Page:Popular Science Monthly Volume 37.djvu/861

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EDITOR'S TABLE.

EDITOR'S TABLE.

 

SIR WILLIAM DAWSON ON EVOLUTION.

SIR WILLIAM DAWSON, the well-known Canadian geologist, has brought out, under the auspices of the Religious Tract Society of London, England, a work entitled Modern Ideas of Evolution as related to Revelation and Science. The title of the book, we must say at the outset, seems to us a little peculiar. Any idea of evolution (as the term is now understood) must, if considered at all, be considered in relation to science; but how to consider it in relation to revelation is not, to our mind, easy to understand. How are ideas of evolution to be brought into direct relation with revelation as a substantive fact? If revelation is a substantive, self-evident fact, then there is no use in bringing any ideas of evolution into comparison with it. The Arab leader who burned the library at Alexandria did not want to compare any of the books contained therein with the Koran, but summarily said: "They either agree with the Koran or disagree with it. If they agree with it, they are superfluous; if they disagree with it, they are noxious: in either case burn them." In like manner, no one who reads the laws of nature in the blaze of an all-sufficient revelation will want any other light. Had Sir William spoken in the title of his book of bringing "ideas of evolution" into relation with "ideas of revelation," the proposition would have appeared a more hopeful one, and would have contained a certain suggestion of fair play; but to bring mere "ideas" on the one side into direct contact with the most absolute and commanding reality on the other, seems—well, not quite the right thing to do. Give the "ideas of evolution" a chance; let there be something to "umpire."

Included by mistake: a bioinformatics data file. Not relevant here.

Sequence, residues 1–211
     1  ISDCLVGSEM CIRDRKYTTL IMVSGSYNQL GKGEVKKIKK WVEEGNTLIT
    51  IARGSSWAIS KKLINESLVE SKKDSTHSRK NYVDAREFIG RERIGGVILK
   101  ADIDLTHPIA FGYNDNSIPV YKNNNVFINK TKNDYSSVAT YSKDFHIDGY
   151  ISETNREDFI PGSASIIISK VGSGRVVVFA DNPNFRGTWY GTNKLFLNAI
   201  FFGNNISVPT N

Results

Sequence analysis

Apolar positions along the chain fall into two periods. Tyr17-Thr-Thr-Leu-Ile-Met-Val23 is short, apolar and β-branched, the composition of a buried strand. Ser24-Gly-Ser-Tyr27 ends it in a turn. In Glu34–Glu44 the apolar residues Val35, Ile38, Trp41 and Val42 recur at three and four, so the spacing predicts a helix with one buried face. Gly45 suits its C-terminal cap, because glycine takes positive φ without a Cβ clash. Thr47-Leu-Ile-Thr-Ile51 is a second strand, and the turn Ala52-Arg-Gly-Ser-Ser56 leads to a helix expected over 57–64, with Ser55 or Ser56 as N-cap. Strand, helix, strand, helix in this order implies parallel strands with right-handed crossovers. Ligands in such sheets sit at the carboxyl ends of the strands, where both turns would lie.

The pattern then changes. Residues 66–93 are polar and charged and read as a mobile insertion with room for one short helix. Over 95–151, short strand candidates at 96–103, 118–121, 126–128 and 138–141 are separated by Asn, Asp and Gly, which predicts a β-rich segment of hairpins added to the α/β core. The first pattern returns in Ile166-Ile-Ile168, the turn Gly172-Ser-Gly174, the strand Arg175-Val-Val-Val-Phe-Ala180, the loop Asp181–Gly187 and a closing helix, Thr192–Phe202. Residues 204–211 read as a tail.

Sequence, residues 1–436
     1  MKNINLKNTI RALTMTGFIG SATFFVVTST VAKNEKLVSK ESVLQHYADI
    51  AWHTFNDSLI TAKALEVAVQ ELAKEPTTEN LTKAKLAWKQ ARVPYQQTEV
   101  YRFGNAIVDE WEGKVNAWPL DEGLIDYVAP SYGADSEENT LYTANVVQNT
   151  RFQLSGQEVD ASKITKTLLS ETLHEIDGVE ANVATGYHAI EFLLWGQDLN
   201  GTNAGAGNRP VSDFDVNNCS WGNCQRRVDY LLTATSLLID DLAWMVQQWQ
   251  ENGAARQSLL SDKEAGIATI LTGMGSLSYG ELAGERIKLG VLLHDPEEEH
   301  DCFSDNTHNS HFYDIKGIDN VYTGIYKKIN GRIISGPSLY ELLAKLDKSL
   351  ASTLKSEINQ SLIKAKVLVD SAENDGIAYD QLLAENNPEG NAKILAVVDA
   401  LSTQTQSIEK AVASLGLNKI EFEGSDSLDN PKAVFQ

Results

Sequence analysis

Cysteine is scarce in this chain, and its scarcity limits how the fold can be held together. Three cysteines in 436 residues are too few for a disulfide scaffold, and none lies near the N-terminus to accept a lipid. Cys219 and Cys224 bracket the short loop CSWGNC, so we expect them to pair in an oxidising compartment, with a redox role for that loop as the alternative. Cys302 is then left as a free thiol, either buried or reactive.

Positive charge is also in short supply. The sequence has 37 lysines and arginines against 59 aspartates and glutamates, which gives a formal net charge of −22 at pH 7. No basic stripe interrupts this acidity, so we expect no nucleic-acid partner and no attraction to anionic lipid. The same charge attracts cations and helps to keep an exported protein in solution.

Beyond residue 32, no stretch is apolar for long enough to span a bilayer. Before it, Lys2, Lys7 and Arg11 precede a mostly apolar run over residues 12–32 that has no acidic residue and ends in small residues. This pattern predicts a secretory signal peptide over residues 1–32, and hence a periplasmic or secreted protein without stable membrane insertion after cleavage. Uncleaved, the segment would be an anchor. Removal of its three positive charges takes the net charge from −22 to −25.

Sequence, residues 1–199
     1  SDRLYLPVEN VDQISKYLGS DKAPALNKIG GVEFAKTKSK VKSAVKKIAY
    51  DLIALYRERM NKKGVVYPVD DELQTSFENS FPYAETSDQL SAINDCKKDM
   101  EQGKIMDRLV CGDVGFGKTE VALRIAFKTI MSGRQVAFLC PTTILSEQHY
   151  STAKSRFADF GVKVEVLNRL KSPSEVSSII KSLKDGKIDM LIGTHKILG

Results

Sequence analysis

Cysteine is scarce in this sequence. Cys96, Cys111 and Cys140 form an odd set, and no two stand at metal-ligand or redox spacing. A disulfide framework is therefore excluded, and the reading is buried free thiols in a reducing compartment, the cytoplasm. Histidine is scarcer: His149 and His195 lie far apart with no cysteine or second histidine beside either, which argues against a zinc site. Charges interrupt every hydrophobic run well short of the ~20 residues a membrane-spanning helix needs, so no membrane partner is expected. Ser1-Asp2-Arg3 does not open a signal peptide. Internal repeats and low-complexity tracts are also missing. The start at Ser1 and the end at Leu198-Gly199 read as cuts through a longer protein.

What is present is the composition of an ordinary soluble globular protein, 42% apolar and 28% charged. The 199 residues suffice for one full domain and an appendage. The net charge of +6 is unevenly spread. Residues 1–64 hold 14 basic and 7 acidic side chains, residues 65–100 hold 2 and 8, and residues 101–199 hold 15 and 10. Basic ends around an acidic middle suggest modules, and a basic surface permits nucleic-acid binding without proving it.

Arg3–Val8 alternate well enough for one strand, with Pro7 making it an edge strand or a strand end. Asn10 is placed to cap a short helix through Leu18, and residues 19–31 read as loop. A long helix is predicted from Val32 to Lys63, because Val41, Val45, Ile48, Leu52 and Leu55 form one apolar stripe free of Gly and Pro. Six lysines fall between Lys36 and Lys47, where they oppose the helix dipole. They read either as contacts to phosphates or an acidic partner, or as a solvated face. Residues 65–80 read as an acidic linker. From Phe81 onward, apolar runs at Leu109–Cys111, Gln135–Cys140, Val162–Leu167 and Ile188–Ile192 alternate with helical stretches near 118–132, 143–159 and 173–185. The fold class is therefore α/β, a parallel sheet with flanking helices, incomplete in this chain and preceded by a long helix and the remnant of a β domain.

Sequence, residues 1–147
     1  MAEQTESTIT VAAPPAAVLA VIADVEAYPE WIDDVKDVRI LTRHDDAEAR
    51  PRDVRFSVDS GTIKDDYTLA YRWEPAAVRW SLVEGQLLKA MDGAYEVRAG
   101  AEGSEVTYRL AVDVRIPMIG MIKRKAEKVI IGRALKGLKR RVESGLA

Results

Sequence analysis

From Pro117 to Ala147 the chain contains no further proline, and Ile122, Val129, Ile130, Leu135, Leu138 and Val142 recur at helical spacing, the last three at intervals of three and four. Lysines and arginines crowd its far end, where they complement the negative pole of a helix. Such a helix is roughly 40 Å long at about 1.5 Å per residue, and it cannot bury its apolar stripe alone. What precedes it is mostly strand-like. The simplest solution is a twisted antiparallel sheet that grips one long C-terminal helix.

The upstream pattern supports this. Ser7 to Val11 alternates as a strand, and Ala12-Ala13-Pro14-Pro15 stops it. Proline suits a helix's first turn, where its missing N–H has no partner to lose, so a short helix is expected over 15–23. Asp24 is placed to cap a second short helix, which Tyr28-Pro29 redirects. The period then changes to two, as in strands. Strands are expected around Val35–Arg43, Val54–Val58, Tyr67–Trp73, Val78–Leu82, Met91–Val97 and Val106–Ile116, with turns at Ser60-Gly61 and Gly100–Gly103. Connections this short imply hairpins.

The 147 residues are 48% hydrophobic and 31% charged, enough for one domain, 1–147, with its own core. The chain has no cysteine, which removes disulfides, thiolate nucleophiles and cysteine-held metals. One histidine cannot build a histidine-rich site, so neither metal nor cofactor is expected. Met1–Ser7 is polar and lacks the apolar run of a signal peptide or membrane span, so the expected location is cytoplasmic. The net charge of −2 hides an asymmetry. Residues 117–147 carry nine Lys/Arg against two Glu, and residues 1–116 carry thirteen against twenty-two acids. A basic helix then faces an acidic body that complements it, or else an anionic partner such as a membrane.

Sir William Dawson has written this book for a select circle of readers—a wide one possibly, but select nevertheless—readers who appreciate such a description of Darwin as the following: "Darwin, as he sits in marble on the staircase of the British Museum, represents a noble figure, made in the image of God, and capable of grasping mentally the heaven above as well as the earth beneath. As he appears in his recent biography, we see the same man paralyzed by a spiritual atrophy, blinded and shut up in prison and chained to the mill of a materialistic philosophy where, like a captive Samson, he is doomed to grind all that is fair and beautiful in nature into a dry and formless dust." It is needless to say that a reader at all accustomed to scientific method would wish to know exactly what is meant by ability to "grasp mentally the heaven above as well as the earth beneath." Darwin, it seems to be admitted, grasped the earth beneath: in order to grasp the heaven above—interpreting the words in a natural sense—he would have had to be an astronomer in addition to being a great biologist and naturalist. The writer, however, does not use the words in their natural sense: by the "heaven above" he means some supernatural order of facts; but could he, as a scientific man, tell us of any one who to his positive knowledge had "grasped the heaven above" in that sense? When Darwin grasped the earth beneath he could tell us what he grasped, and the world is vastly the richer to-day for the positive knowledge imparted by him in regard to terrestrial facts. But could Sir William Dawson himself enrich the world by imparting what he has grasped of "the heaven above"? What does he know about it that he can communicate in distinct speech? If he has any such information, it would vastly surpass in interest anything he can tell us about